Sunday, August 25, 2013

Seven timeless coming-of-age novels

Janice Clark is a writer and designer living in Chicago. She grew up in Mystic, Connecticut, land of whaling and pizza. She received her MFA from New York University.

Clark's new novel is The Rathbones.

For Publishers Weekly she named seven of her favorite coming-of-age novels. One title on the list:
Jane Eyre by Charlotte Bronte

In the time-honored throwdown of Wuthering Heights vs. Jane Eyre, I bet on Jane every time. Cathy, incomplete and suffering without her Heathcliff (or with him), can’t hope to hold up against fierce Jane, who struggles through a painful, loveless childhood and past a foiled marriage—a madwoman in the attic having long since beat her to the altar—to preserve her independent spirit, only returning to Rochester when she can feel herself an equal partner to him.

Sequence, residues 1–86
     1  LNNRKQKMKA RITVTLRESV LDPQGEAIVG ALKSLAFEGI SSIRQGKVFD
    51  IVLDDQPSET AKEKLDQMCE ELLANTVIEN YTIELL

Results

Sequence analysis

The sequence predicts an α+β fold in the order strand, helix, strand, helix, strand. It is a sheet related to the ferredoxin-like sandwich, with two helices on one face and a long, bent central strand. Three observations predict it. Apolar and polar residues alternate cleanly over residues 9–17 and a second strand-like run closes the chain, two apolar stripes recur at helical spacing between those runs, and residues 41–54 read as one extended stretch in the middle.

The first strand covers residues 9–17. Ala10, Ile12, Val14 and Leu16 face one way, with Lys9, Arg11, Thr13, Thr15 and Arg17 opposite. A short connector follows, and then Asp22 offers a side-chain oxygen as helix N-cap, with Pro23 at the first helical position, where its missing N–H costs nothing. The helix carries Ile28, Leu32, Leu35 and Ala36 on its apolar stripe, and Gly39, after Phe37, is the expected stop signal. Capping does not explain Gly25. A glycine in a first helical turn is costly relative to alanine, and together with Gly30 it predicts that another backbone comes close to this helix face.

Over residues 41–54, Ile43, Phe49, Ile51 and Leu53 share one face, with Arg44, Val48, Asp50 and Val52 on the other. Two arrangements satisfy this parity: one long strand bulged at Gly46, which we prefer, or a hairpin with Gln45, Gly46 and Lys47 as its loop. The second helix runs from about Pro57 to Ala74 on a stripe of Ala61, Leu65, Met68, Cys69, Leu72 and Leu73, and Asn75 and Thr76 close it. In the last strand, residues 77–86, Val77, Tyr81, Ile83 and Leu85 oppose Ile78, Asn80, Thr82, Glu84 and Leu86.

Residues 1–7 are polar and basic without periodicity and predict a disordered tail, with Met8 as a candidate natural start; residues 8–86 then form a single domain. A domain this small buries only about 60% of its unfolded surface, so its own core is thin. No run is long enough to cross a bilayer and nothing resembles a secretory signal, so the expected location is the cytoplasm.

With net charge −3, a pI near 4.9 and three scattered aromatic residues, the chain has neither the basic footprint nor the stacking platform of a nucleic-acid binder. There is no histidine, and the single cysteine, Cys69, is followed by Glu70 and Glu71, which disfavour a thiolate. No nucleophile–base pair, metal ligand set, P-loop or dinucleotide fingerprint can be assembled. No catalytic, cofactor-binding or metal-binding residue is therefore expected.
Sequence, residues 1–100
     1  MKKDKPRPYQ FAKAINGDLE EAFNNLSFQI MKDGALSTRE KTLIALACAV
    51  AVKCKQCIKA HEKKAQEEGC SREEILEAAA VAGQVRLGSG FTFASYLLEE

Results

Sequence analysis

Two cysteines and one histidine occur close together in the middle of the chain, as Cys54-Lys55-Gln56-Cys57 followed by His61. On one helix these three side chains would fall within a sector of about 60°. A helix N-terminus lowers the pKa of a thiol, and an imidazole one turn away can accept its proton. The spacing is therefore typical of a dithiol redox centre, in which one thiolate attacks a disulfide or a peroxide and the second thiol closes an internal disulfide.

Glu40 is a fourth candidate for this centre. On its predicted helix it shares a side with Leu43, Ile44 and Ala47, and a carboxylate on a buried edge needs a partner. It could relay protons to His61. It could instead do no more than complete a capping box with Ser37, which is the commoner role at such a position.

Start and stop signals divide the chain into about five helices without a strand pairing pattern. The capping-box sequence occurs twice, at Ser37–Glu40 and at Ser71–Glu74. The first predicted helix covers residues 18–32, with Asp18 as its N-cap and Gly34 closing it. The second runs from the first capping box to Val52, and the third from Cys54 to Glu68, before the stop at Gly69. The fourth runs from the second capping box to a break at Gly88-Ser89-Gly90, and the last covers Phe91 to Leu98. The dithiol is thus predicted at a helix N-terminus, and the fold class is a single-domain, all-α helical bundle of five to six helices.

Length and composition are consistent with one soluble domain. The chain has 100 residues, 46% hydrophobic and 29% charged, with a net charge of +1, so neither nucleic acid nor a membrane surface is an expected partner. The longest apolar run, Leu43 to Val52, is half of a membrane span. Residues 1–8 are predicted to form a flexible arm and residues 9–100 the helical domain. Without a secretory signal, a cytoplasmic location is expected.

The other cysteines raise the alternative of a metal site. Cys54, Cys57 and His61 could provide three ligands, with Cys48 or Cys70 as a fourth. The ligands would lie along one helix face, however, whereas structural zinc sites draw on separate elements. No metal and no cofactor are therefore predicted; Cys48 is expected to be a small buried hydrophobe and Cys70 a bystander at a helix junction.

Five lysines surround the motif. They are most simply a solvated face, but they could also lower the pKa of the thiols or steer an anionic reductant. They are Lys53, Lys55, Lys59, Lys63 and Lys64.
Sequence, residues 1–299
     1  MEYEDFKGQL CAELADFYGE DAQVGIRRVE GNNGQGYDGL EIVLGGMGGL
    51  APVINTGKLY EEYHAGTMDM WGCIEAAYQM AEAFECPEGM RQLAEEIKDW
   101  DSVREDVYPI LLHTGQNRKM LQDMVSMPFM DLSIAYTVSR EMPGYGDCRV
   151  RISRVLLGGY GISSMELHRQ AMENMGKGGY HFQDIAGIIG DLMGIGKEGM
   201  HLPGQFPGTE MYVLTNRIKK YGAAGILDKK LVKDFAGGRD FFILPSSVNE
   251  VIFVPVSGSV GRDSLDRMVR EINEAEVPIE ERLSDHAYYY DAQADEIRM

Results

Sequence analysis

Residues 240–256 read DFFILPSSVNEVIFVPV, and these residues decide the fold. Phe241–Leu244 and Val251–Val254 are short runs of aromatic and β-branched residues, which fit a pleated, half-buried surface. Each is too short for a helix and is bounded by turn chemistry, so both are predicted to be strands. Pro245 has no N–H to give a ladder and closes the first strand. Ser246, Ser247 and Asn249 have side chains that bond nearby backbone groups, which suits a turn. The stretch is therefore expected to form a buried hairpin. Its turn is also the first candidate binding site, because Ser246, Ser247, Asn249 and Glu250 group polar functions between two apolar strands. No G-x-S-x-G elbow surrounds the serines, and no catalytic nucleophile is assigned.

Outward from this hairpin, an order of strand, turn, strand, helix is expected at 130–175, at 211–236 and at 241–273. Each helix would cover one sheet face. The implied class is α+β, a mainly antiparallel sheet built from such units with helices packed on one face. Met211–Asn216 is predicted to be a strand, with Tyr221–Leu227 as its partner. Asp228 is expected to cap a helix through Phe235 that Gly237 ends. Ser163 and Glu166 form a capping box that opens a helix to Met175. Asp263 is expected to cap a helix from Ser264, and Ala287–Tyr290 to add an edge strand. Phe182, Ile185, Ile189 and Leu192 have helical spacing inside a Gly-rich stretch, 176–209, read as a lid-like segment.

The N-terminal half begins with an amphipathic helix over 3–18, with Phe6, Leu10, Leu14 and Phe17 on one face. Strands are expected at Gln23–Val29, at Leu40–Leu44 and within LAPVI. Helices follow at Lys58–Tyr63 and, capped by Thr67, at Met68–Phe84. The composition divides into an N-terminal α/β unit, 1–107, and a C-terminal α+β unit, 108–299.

Read about the other books on Clark's list.

Jane Eyre also made Lauren Passell's list of 20 peanut butter & jelly reads, Rebecca Jane Stokes's list of the ten hottest men in required reading, Honeysuckle Weeks's six best books list, Kathryn Harrison's list of six favorite books with parentless protagonists, Megan Abbott's top ten list of novels of teenage friendship, a list of Bettany Hughes's six best books, the Guardian's top 10 lists of "outsider books" and "romantic fiction;" it appears on Lorraine Kelly's six best books list, Esther Freud's top ten list of love stories, and Jessica Duchen's top ten list of literary Gypsies, and on John Mullan's lists of ten of the best governesses in literature, ten of the best men dressed as women, ten of the best weddings in literature, ten of the best locked rooms in literature, ten of the best pianos in literature, ten of the best breakfasts in literature, ten of the best smokes in fiction, and ten of the best cases of blindness in literature. It is one of Kate Kellaway's ten best love stories in fiction.

The Page 99 Test: Jane Eyre.

--Marshal Zeringue